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Thursday, 22 July 1920


Mr BOWDEN (Nepean) . - I move -

That in the opinion of this House it is desirable that the Government establish a metric system of weights and measures.

In moving the motion, I ask the House to re-affirm a resolution to the same effect, though not in identical terms, as that of one which it came to on the 19th June, 1903, on the motion of the late Hon. G. B. Edwards. There is no need to go exhaustively into the history of the metric system. The principle of the metric system was first adopted in France in 1790, and in 1801 the National Assembly approved of a concrete scheme, but the system was not wholly in force in France until 1840. Since that time it has been adopted by all the great nations of the world, except Great Britain, the United States of America and Russia. Japan has sanctioned its adoption without making it compulsory, and within the last year or two China has made it compulsory. In Great Britain there is a gradual and steadily increasing agitation for the introduction of the metric system, and public feeling there is growing in its favour. Many years ago private individuals and associations endeavoured to have it brought into compulsory use. A Decimal Association was formed in 1854, and a Bill was introduced into the House of Commons in 1864 to make the use of the metric system compulsory for certain purposes. As the Government opposed that measure, a permissive Bill was substituted for it, and became law. But the Act was drawn with such extraordinary carelessness that an inspector successfully prosecuted a man for having in his possession metric weights, and when the case was referred to the Crown Law officers they advised that under the Act a man might legally use metric weights and measures, but was liable to prosecution if such weights were found in his possession. In 1871 a Bill to make the use of the metric system compulsory was lost in the House of Commons by only five votes, and in 1895 the Weights' and . Measures (Metric System) Act was passed, legalizing the use of the metric system in trade in Great Britain. Since then the matter has been frequently before Parliament. In 1901 a Bill was introduced to make the use of the system compulsory, but it was defeated by a narrow majority. In 1903 the Imperial Conference affirmed the desirability of adopting the metric system throughout the British Empire. In furtherance of that resolution the Colonial Office communicated with all the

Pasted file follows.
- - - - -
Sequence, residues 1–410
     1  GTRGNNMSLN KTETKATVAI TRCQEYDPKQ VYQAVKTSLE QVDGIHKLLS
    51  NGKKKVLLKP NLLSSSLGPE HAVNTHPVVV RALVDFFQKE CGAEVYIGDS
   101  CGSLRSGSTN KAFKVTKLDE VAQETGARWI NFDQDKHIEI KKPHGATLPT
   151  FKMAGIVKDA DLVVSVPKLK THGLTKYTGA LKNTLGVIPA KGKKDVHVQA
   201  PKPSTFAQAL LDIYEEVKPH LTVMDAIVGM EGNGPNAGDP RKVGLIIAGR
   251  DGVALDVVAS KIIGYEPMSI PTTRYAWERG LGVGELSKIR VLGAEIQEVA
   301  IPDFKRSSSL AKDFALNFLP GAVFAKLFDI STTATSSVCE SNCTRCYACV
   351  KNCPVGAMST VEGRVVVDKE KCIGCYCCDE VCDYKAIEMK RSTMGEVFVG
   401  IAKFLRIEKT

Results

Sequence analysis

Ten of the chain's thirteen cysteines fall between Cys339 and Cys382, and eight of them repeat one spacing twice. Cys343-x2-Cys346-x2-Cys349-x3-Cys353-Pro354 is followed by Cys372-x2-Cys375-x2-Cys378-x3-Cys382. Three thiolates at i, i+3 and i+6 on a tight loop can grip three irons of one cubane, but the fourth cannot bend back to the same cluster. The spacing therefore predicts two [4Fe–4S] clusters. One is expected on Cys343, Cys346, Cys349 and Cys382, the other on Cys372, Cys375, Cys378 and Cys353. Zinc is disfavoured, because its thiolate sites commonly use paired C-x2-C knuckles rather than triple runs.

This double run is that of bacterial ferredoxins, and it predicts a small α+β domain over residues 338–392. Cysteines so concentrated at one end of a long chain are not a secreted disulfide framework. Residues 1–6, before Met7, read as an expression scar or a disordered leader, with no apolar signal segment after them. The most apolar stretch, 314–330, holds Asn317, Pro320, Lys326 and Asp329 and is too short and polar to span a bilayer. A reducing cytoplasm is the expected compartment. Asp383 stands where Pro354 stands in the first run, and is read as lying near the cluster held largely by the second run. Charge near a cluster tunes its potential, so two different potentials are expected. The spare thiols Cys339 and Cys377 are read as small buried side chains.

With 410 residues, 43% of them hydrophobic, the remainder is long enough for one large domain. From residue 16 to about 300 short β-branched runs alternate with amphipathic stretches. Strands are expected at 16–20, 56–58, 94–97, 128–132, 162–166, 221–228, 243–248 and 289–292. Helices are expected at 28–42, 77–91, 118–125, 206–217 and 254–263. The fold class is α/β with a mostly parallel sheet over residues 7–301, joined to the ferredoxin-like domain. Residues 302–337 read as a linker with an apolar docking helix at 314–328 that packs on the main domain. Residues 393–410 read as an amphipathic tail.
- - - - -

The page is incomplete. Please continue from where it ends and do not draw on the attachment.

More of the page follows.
Colonies for the purpose of obtaining their ideas upon the question ' of whether this system should- be adopted. In Mauristius and Seychelles it had already been introduced. In Australia, New Zealand, South Africa, Southern Rhodesia, Gambia, Northern Nigeria, Gibraltar, Guiana, Trinidad, the Leeward Islands, and the Windward Islands the desirableness of its introduction was affirmed. I think that the resolution to which I referred just now is that which declared the need for adopting thin system so far as Australia is concerned. Sierra Leone, Southern Nigeria, Ceylon, and the Falkland Islands were prepared to introduce it, provided that it were adopted throughout the Empire. Fiji said that she would follow the- lead of Australia. St. Helena, Cyprus-, Lagos, -the Barbados, the Bahamas, and the Gold Coast were ready for its introduction, but anticipated that some local difficulty and opposition would be encountered.- Canada, the Bermudas, and Newfoundland sent no answer, but we may take .it that these places will be governed by the action of the United States in this matter. In other words, when the reform is adopted bv the United States it will be adopted by them. Although the system was thus indorsed by ii majority of the Colonies and Dominions, the various Governments of Great Britain have exhibited considerable neglect in regard to this matter. When writing in support of the metric system, Mr. Arnold Foster, in referring to the Governments of. Great Britain, said -

No Government now ever seems to do anything because it is right or wise or logical or scientifically correct. Changes are made, not because they are wise, but because they are unavoidable. The pressure of public opinion, and the fact that it is more difficult and tiresome to refuse a reform than to grant it are now, in !M) cases out of 100, the prevailing motives which influence an overworked Administration. . . . Our system of government has advantages, but it is not conspicuous by its readiness to accept scientific opinion or to take a lead in any intellectual or scientific movement.